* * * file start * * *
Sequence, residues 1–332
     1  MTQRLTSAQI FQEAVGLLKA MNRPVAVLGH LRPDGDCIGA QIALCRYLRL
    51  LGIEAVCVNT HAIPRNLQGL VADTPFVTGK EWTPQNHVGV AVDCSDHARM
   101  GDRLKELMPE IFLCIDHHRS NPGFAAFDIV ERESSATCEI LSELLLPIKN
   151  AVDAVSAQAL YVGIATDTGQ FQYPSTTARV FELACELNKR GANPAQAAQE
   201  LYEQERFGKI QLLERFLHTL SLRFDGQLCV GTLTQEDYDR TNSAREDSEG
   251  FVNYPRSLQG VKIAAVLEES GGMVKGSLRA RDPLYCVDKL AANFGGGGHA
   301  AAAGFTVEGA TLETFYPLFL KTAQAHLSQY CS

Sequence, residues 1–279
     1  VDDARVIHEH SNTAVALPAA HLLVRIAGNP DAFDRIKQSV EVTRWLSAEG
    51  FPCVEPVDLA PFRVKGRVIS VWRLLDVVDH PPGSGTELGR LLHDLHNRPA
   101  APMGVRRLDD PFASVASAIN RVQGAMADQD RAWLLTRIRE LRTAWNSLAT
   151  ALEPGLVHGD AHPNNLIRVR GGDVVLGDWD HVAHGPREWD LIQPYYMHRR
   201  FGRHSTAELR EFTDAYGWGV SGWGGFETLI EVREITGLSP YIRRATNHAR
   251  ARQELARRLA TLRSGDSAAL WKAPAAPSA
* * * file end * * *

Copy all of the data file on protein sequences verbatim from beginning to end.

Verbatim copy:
Sequence, residues 1–332
     1  MTQRLTSAQI FQEAVGLLKA MNRPVAVLGH LRPDGDCIGA QIALCRYLRL
    51  LGIEAVCVNT HAIPRNLQGL VADTPFVTGK EWTPQNHVGV AVDCSDHARM
   101  GDRLKELMPE IFLCIDHHRS NPGFAAFDIV ERESSATCEI LSELLLPIKN
   151  AVDAVSAQAL YVGIATDTGQ FQYPSTTARV FELACELNKR GANPAQAAQE
   201  LYEQERFGKI QLLERFLHTL SLRFDGQLCV GTLTQEDYDR TNSAREDSEG
   251  FVNYPRSLQG VKIAAVLEES GGMVKGSLRA RDPLYCVDKL AANFGGGGHA
   301  AAAGFTVEGA TLETFYPLFL KTAQAHLSQY CS

Sequence, residues 1–279
     1  VDDARVIHEH SNTAVALPAA HLLVRIAGNP DAFDRIKQSV EVTRWLSAEG
    51  FPCVEPVDLA PFRVKGRVIS VWRLLDVVDH PPGSGTELGR LLHDLHNRPA
   101  APMGVRRLDD PFASVASAIN RVQGAMADQD RAWLLTRIRE LRTAWNSLAT
   151  ALEPGLVHGD AHPNNLIRVR GGDVVLGDWD HVAHGPREWD LIQPYYMHRR
   201  FGRHSTAELR EFTDAYGWGV SGWGGFETLI EVREITGLSP YIRRATNHAR
   251  ARQELARRLA TLRSGDSAAL WKAPAAPSA